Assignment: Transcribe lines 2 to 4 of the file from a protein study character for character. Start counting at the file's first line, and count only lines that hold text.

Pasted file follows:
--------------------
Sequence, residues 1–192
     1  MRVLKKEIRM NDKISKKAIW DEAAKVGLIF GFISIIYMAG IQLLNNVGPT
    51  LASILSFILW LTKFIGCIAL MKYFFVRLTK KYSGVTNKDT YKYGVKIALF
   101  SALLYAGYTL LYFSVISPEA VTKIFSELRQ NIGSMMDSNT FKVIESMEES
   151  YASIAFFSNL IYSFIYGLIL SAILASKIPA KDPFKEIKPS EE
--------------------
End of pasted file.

     1  MRVLKKEIRM NDKISKKAIW DEAAKVGLIF GFISIIYMAG IQLLNNVGPT
    51  LASILSFILW LTKFIGCIAL MKYFFVRLTK KYSGVTNKDT YKYGVKIALF
   101  SALLYAGYTL LYFSVISPEA VTKIFSELRQ NIGSMMDSNT FKVIESMEES